In lieu of an abstract, here is a brief excerpt of the content:

WAS O’CONNELL FAITHFUL? ELLEN COURTENAY REVISITED ERIN I. BISHOP upon learning that I am conducting research on Mary O’Connell, wife of Daniel, the Liberator, the first response of many is to question Daniel O’Connell ’s fidelity. Of course everyone has heard the ribald comment that if you were to throw a rock over a work-house wall in early nineteenthcentury Kerry you would hit an O’Connell bastard. It is not my purpose in this article to pass judgment on the truth or falsehood of these accusations . However, I have found that the tendency to discount O’Connell’s purported sexual adventures a rather alarming trend. It would seem recent works on O’Connell go to desperate lengths to assure that he was indeed a faithful and good husband; yet the arguments laid out to support this theory are lacking in many respects. Most historians, struggling to prove O’Connell’s faithfulness, have fallen upon two ready explanations to account for the lore surrounding the Liberator’s supposed adulterous lifestyle. One recent answer was provided by Helen Mulvey who, commenting on the subject of O’Connell’s marital fidelity, looked to the numerous letters between O’Connell and Mary in order to establish “the substance and tone” of their relationship. Mulvey found that the generally affectionate nature of the letters “are powerful evidence of O’Connell’s fidelity and devotion to his wife and of his deep happiness in every aspect of his relationship with her.”1 Unfortunately , Mulvey based her careful and insightful analysis only on those letters chosen and edited for publication. While this line of reasoning has found acceptance by many O’Connell historians and has merit,2 the few WAS O’CONNELL FAITHFUL? ELLEN COURTENAY REVISITED 58 1 Helen Mulvey, “The Correspondence of Daniel and Mary O’Connell,” The Correspondence of Daniel O’Connell, vol. 1, ed. M.R. O’Connell (Shannon, 1972), xx. 2 See M.R. O’Connell, “O’Connell and his Family,” in The World of Daniel O’Connell, ed. Donal McCartney (Dublin, 1980), 22; R. Dudley Edwards, Daniel O’Connell and His World (London, 1975), 23–24. affectionate excerpts on which Mulvey bases her argument, many of which were edited and taken out of context, cannot fully exonerate O’Connell from the charges of adultery.3 More recently, studies in Irish folk traditions provide another possible explanation for the popular belief in O’Connell’s sexual (mis)conduct. In an article on O’Connell and traditional lore, Diarmaid O’Muirithe, a leading authority on the folklore of O’Connell, suggested that, as a principal folk hero in Irish history, the Liberator was destined to fall victim to “a product of the folk-mind.” In short, O’Muirithe argues that “the heroes of old were ever famous for their sexual energy.”4 J.J. Lee goes one step further : Gaelic folk-heroes had rendered a psychic service to the vivid imagination of the plain people by having attributed to them tales of insatiable sexual prowess. It is a tribute to O’Connell’s popular stature that he was the first in centuries to adequately service the popular imagination in this respect. . . . The stories of O’Connell’s philandering tell us far more about the need of the popular imagination than they do about the historic O’Connell.5 Fergus O’Ferrall agrees, using Helen Mulvey’s exact words, in fact, that while the correspondence between Mary and Daniel “is powerful evidence of O’Connell’s fidelity and devotion,” it is “naive to argue this as conclusive .” He thus supplements his reading with the assertion that the origin of popular lore concerning O’Connell’s fidelity finds its base in the Irish folk tradition of attributing heroes with sexual prowess. On this point, O’Connell biographer Oliver MacDonagh concurs.6 Ellen Courtenay’s account of her affair with O’Connell is perhaps the most damaging “evidence” against the Liberator’s fidelity. Her attempts to collect money from O’Connell included a letter to Henry Hunt, a famous radical reformer known for his oratory skills and, from 1830–1832, M.P. WAS O’CONNELL FAITHFUL? ELLEN COURTENAY REVISITED 59 3 Sean Connolly...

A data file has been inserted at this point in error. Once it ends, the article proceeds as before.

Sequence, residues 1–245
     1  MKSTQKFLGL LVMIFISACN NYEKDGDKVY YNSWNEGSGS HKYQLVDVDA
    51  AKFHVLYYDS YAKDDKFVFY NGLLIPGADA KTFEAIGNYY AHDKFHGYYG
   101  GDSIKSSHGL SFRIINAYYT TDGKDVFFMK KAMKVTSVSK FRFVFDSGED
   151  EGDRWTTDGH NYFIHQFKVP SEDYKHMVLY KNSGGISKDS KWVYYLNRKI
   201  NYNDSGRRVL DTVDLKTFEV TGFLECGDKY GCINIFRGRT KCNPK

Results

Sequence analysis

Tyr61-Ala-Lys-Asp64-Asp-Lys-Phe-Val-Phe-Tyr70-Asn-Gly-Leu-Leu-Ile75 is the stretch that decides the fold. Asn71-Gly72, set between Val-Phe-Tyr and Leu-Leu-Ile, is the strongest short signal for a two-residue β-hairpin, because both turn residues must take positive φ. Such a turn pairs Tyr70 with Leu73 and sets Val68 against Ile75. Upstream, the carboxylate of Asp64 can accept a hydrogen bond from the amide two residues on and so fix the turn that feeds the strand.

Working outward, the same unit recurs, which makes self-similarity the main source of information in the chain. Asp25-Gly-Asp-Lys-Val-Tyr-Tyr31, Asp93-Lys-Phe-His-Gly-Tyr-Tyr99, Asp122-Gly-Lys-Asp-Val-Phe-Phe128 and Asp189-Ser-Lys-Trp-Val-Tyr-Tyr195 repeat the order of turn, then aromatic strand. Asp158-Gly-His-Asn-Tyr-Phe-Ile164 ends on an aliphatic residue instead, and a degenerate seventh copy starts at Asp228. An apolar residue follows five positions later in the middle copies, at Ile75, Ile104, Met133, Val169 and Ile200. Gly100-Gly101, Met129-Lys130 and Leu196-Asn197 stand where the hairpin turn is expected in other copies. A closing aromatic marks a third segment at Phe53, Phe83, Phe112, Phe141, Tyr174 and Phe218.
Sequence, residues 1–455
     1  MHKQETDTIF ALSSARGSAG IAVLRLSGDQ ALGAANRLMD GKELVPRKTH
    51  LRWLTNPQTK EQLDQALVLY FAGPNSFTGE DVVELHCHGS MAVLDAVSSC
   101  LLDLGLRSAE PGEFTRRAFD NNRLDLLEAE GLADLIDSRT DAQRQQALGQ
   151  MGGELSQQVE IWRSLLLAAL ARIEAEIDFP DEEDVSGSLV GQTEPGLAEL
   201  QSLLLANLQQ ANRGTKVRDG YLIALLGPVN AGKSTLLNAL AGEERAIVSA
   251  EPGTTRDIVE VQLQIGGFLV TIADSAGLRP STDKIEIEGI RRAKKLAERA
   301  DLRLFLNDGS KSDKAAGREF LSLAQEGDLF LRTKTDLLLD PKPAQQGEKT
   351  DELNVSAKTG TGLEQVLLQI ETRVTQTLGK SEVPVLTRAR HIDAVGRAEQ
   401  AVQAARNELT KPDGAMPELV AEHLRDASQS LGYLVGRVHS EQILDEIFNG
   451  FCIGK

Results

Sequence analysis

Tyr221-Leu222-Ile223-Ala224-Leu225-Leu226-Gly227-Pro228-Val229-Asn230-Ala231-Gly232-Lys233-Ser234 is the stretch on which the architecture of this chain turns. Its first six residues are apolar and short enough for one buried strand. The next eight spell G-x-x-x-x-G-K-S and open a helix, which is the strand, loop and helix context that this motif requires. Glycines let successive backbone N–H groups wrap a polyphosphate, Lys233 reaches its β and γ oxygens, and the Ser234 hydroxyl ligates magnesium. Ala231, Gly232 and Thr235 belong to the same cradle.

Additional Information

Print ISSN
pp. 58-75
Launched on MUSE
Open Access
Back To Top

This website uses cookies to ensure you get the best experience on our website. Without cookies your experience may not be seamless.